Collaborative filtering is only a piece of today’s recommendation technology. ”There was this great expectation that it was going to be this killer app, and it didn’t meet people’s expectations,” said Jack Aaronson, who helped to design the technology for a recommendation company called Open Sesame and who now runs the Aaronson Group, a consulting practice.
Some of the problems with collaborative filtering are common enough that they have earned nicknames, like the cold start problem and the popularity effect.
To make interesting matches, a company needs a large number of people who have rated or purchased a large number of products. The cold start phenomenon arises when a Web site opens but neither of those criteria has been met. Joe Smith might buy the same book as Jane Doe, but without more data, it would be a stretch to predict that the next book Joe buys is one that Jane might want.
To counter that, some companies employ human editors to make the first connections between products and likely purchase patterns. At Barnesandnoble.com, an editorial staff makes recommendations. Choicestream, the company that creates the MyBestBets technology used by America Online, has brought in analysts to distill the defining attributes of television programs (”thought-provoking” is one example) and uses the computer to match them with other programs that have been similarly categorized.
”If it is not vetted and monitored by humans and not complemented by actual hand-selling, as we say in the book industry, it doesn’t feel like there is anybody there,” said Daniel Blackman, vice president for books, video and music for Barnesandnoble.com.
The popularity effect is at work when results delivered by the computer are boring and obvious. MediaUnbound, the company that develops the recommendation engine for the MP3 service PressPlay, has been analyzing the more than four million MP3 collections that are open for browsing through Napster, KaZaA and other file-sharing services. Michael S. Papish, the company’s chief executive, said that if he were to run that data through a collaborative filter to predict musical taste, one band would be at the top of the list for every single person: the Beatles.
Because of the Beatles’ name recognition and popularity, they are likely to be in anyone’s collection, regardless of their taste. But if MediaUnbound were to put the Beatles at the top of every recommendation list, their service would seem stale and uninspired. To address that problem, the company built some new rules into the software. But it also hired music analysts to scout the music scene for new bands, seed the databases with interesting acts and build genre maps to show how musical tastes are connected.
”The computer is good at averaging things; it rounds it out, sands it down,” Mr. Papish said. ”And then we use the humans to bring back the exciting rough edges.”
Colin Wambsgans, an analyst at MediaUnbound, said he was working last week on a recommendation list generated for consumers who like the Flatlanders, a 1970’s band from Texas that recently released a new album. He moved Squirrel Bait, a rock band with a harder sound, down a few notches and pushed another band, the Palace Brothers, up. ”The style of music wasn’t quite the same,” he said. ”The Palace Brothers have more of a folksy sound.”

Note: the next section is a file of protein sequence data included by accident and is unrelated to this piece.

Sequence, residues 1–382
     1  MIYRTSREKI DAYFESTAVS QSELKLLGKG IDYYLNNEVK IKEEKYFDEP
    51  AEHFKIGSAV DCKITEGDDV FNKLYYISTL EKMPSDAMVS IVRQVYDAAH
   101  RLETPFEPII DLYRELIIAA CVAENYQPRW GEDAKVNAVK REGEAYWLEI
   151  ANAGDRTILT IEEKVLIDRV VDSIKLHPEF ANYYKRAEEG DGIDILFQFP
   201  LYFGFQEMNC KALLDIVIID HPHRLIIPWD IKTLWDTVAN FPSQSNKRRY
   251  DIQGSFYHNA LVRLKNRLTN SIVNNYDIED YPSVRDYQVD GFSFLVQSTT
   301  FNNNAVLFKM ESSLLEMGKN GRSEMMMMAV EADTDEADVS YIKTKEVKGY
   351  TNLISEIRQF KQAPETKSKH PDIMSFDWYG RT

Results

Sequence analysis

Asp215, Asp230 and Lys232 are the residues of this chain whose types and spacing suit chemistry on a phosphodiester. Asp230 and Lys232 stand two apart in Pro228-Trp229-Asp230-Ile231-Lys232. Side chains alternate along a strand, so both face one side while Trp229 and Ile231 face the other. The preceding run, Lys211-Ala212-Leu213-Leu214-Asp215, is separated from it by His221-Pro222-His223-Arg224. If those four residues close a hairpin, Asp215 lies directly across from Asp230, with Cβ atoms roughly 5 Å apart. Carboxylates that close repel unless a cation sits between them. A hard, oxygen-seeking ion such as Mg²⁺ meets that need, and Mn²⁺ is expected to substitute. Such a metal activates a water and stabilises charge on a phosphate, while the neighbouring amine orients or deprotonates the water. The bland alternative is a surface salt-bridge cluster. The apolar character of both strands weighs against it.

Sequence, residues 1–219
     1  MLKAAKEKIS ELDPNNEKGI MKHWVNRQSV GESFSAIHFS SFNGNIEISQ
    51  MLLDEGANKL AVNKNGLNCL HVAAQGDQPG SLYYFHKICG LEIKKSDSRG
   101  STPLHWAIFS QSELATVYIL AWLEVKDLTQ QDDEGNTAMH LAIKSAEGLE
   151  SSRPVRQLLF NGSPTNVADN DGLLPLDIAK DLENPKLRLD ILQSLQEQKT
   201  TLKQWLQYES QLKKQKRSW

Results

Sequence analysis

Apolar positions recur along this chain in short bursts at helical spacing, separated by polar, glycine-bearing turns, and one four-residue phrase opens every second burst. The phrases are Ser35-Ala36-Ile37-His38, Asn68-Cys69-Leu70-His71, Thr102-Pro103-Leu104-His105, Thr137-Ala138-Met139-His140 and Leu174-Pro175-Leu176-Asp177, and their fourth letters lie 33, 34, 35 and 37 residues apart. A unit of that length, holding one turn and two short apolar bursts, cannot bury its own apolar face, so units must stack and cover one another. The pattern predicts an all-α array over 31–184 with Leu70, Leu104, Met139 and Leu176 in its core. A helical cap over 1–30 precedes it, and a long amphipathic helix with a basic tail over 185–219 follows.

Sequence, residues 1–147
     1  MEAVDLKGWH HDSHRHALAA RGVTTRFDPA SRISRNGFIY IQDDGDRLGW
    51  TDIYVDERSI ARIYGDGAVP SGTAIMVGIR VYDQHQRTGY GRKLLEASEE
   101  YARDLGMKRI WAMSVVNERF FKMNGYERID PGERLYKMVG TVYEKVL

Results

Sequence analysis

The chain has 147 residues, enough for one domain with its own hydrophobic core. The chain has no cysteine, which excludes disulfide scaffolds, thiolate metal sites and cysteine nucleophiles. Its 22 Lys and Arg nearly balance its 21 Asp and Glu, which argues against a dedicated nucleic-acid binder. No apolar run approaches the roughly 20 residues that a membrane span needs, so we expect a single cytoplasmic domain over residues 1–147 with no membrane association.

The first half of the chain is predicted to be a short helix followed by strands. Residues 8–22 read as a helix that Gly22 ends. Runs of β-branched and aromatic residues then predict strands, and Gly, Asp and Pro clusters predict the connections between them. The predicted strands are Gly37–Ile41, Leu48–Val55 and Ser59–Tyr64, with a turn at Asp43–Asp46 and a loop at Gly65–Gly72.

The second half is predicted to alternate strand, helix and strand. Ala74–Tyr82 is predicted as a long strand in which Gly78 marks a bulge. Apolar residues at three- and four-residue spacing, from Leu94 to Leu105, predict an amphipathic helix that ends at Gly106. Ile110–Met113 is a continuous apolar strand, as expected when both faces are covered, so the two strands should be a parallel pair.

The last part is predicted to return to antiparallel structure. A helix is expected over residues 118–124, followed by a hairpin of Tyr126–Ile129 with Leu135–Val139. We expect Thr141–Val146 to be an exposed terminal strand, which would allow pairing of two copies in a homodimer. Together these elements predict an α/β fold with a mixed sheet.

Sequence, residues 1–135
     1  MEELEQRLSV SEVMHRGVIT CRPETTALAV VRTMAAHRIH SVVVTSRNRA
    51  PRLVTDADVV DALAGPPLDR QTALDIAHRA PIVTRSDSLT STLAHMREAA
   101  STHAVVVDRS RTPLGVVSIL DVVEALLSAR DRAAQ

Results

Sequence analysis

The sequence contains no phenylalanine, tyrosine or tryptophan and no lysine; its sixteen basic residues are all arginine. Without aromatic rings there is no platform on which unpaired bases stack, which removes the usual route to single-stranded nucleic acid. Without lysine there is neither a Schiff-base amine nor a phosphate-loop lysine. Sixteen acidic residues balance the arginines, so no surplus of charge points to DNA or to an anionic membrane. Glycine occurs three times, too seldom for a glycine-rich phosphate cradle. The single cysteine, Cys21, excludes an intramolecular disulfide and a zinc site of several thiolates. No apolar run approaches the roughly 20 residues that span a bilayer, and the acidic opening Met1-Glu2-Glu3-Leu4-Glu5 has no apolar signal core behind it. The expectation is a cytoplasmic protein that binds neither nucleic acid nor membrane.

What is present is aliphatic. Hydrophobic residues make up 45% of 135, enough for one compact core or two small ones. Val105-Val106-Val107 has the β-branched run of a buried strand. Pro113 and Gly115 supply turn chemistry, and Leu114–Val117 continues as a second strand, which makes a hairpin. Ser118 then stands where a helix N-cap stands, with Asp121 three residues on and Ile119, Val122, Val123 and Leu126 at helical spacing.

Even Mr. Kellogg’s experience with helpful taste-matching at Amazon was a case of a human’s coming to the rescue. To make sure that he gets recommendations that follow his tastes, Mr. Kellogg, 29, a product manager in Chicago, has spent a good deal of time editing his online profile. He wants Amazon to know that he loves Bob Dylan, so he has given high ratings to those CD’s and dozens of other favorites. When he makes a purchase for someone else — like a karaoke CD for his 7-year-old cousin — he checks a box that tells Amazon to ignore it.
”I actively work at my recommendations,” Mr. Kellogg said.
Jason Kilar, vice president of worldwide software operations for Amazon, would not comment on how many people use the editing feature; Christopher M. Kelley, an analyst at Forrester, said he figured that most people never take the time to use it. But it has become an important tool for taking into account the complexity of human interactions. Mr. Kilar said that customers need to be able to communicate, for example, ”Please exclude this one because I was temporarily out of my mind and I thought I liked Sade.”
Business sense is the latest layer to be added to recommendation technology. Some companies want to be able to weight the results that appear on a recommendation list so that products they want to clear out appear at the top and out-of-stock items are suppressed.
”The technology needs to be able to support this,” said Dr. Fayyad, whose digiMine software offers such options. But Dr. Maes and some software developers warn that if companies allow the bottom line to dictate their recommendations, shoppers may distrust their systems.
Amazon says it is holding out against such tweaking. ”We let the recommendation engine do its magic,” Mr. Kilar said. ”We are extremely pure.”
That is giving Ms. Heilemann, a 29-year-old development director for a university in Iowa, a good laugh. ”Am I missing something in my life?” she asked. ”Maybe I really do need this booster bundle thing for my computer or this Wiggles ‘Yummy Yummy’ DVD,” a video for the toddler set.
”But they do think that I need a total body yoga workout,” she added, ”and they might be right about that.”
By: Lisa Guernsey